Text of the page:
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A Story From The Sand-Dunes
by [?]

This is a story from the sand-dunes or sand-hills of Jutland; though it does not begin in Jutland, the northern peninsula, but far away in the south, in Spain. The ocean is the high road between the nations–transport thyself thither in thought to sunny Spain. There it is warm and beautiful, there the fiery pomegranate blossoms flourish among the dark laurels; from the mountains a cool refreshing wind blows down, upon, and over the orange gardens, over the gorgeous Moorish halls with their golden cupolas and coloured walls: through the streets go children in procession, with candles and with waving flags, and over them, lofty and clear, rises the sky with its gleaming stars. There is a sound of song and of castagnettes, and youths and maidens join in the dance under the blooming acacias, while the mendicant sits upon the hewn marble stone, refreshing himself with the juicy melon, and dreamily enjoying life. The whole is like a glorious dream. And there was a newly married couple who completely gave themselves up to its charm; moreover, they possessed the good things of this life, health and cheerfulness of soul, riches and honour.

“We are as happy as it is possible to be,” exclaimed the young couple, from the depths of their hearts They had indeed but one step more to mount in the ladder of happiness, in the hope that God would give them a child; a son like them in form and in spirit.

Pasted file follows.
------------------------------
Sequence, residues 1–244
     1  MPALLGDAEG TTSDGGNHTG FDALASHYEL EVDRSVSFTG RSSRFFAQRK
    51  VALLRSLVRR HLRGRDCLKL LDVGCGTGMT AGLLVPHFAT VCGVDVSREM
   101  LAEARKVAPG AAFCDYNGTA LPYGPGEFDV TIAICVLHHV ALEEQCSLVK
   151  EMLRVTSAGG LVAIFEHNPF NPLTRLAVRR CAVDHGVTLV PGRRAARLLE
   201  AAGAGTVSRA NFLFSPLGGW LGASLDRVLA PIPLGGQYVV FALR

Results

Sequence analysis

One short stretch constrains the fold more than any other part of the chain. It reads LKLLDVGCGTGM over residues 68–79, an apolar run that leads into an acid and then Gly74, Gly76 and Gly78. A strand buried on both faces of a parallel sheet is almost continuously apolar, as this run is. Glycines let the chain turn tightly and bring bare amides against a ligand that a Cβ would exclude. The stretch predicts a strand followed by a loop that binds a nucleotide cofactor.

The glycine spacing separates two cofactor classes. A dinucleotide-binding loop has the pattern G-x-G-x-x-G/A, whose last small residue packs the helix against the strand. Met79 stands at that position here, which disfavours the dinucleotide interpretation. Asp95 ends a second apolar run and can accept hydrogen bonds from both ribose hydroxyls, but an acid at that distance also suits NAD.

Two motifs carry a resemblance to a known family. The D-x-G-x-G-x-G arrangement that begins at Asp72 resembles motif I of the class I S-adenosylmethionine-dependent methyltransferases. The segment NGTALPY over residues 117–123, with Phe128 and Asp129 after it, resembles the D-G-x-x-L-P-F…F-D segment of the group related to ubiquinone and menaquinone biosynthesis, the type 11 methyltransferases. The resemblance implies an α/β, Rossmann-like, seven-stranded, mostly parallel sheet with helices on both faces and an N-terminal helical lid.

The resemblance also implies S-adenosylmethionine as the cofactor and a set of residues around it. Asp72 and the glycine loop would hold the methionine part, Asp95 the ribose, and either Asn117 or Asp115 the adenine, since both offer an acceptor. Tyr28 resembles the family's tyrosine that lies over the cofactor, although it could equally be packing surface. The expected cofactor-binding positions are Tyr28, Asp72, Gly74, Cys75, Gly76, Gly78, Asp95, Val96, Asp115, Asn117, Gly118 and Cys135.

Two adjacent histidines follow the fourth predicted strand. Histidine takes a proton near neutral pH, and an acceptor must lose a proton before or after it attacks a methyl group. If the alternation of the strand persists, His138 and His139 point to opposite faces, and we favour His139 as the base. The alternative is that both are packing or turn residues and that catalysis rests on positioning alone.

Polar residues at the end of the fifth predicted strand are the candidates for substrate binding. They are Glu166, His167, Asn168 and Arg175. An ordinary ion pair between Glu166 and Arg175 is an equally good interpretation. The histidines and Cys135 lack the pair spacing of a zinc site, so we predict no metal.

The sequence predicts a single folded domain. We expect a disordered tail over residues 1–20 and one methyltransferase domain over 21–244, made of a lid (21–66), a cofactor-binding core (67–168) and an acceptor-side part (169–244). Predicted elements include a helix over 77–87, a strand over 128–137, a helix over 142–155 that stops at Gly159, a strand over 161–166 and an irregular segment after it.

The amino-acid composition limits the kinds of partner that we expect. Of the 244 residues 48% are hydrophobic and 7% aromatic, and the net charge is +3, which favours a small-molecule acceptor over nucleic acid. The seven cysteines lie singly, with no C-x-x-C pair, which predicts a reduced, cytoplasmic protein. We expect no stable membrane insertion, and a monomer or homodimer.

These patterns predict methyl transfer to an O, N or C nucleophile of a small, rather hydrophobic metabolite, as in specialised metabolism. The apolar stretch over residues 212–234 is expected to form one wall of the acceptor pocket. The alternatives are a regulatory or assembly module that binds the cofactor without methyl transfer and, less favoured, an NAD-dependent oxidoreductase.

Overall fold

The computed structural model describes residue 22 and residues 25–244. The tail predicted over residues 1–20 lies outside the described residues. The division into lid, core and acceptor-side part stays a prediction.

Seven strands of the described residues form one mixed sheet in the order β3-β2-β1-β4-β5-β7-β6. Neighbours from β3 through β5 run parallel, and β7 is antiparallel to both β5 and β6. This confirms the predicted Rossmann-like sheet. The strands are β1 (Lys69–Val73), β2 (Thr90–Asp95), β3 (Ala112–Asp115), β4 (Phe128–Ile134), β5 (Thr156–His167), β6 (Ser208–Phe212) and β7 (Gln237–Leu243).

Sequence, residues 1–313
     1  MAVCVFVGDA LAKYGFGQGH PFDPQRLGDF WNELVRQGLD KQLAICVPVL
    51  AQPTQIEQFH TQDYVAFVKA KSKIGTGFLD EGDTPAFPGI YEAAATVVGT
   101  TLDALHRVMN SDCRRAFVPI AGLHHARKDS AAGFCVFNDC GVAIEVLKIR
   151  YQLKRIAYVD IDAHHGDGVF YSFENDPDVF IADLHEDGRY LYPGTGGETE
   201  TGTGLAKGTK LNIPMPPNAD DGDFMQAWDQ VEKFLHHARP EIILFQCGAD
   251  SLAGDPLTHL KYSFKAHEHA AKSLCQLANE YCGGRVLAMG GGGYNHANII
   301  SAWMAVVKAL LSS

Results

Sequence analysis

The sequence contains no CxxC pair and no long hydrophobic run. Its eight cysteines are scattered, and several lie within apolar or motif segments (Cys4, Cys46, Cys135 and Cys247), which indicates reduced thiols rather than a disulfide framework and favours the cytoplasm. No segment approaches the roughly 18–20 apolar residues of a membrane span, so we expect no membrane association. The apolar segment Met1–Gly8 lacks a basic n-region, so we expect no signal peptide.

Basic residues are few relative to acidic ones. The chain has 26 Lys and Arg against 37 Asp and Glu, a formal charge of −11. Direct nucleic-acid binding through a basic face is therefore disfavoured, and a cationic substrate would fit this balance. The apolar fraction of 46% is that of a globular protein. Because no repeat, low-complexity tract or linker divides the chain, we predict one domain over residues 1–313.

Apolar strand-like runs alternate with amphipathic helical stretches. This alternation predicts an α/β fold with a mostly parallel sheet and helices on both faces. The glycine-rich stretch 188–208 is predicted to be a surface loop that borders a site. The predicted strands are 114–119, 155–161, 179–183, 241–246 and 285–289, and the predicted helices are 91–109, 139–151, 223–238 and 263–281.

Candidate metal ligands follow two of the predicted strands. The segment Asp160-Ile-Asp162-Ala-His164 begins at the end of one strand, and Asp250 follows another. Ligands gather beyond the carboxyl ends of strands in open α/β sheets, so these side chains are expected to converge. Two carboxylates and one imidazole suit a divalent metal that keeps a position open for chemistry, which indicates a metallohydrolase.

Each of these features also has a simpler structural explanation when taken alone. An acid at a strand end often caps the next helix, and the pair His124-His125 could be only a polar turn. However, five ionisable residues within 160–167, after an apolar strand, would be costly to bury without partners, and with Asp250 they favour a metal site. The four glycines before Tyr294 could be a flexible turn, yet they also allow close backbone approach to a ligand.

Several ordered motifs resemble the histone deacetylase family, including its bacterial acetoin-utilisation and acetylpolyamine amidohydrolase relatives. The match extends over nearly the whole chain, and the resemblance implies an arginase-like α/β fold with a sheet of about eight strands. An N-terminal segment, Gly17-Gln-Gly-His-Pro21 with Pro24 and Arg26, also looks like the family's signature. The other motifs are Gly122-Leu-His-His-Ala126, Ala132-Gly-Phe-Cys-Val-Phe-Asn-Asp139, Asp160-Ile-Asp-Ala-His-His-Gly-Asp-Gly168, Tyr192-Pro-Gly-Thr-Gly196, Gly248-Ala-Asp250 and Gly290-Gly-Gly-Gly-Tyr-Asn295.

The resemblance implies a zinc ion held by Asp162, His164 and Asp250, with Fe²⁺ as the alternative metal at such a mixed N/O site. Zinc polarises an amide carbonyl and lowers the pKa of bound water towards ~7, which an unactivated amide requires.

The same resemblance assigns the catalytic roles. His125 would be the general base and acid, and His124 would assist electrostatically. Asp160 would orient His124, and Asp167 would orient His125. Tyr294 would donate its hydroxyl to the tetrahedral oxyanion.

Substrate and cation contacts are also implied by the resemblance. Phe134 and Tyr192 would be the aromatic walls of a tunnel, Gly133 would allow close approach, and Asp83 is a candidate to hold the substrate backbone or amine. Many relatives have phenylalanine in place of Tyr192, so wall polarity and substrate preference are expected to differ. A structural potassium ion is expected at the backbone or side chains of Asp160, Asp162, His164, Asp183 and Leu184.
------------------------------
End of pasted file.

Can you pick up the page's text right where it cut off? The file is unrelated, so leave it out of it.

The happy child would be welcomed with rejoicing, would be tended with all care and love, and enjoy every advantage that wealth and ease possessed by an influential family could give.

And the days went by like a glad festival.

“Life is a gracious gift of Providence, an almost inappreciable gift!” said the young wife, “and yet they tell us that fulness of joy is found only in the future life, for ever and ever. I cannot compass the thought.”

“And perhaps the thought arises from the arrogance of men,” said the husband. “It seems a great pride to believe that we shall live for ever, that we shall be as gods. Were these not the words of the serpent, the origin of falsehood?”

“Surely you do not doubt the future life?” exclaimed the young wife; and it seemed as if one of the first shadows flitted over the sunny heaven of her thoughts.

“Faith promises it, and the priests tells us so!” replied the man; “but amid all my happiness, I feel that it is arrogance to demand a continued happiness, another life after this. Has not so much been given us in this state of existence, that we ought to be, that we must be, contented with it?”

“Yes, it has been given to us,” said the young wife, “but to how many thousands is not this life one scene of hard trial? How many have been thrown into this world, as if only to suffer poverty and shame and sickness and misfortune? If there were no life after this, everything on earth would be too unequally distributed, and the Almighty would not be justice itself.”

“Yonder beggar,” replied the man, “has his joys which seem to him great, and which rejoice him as much as the king is rejoiced in the splendour of his palace. And then, do you not think that the beast of burden, which suffers blows and hunger, and works itself to death, suffers from its heavy fate? The dumb beast might likewise demand a future life, and declare the decree unjust that does not admit it into a higher place of creation.”

“HE has said, ‘In my Father’s house are many mansions,'” replied the young wife: “heaven is immeasurable, as the love of our Maker is immeasurable. Even the dumb beast is His creature; and I firmly believe that no life will be lost, but that each will receive that amount of happiness which he can enjoy, and which is sufficient for him.”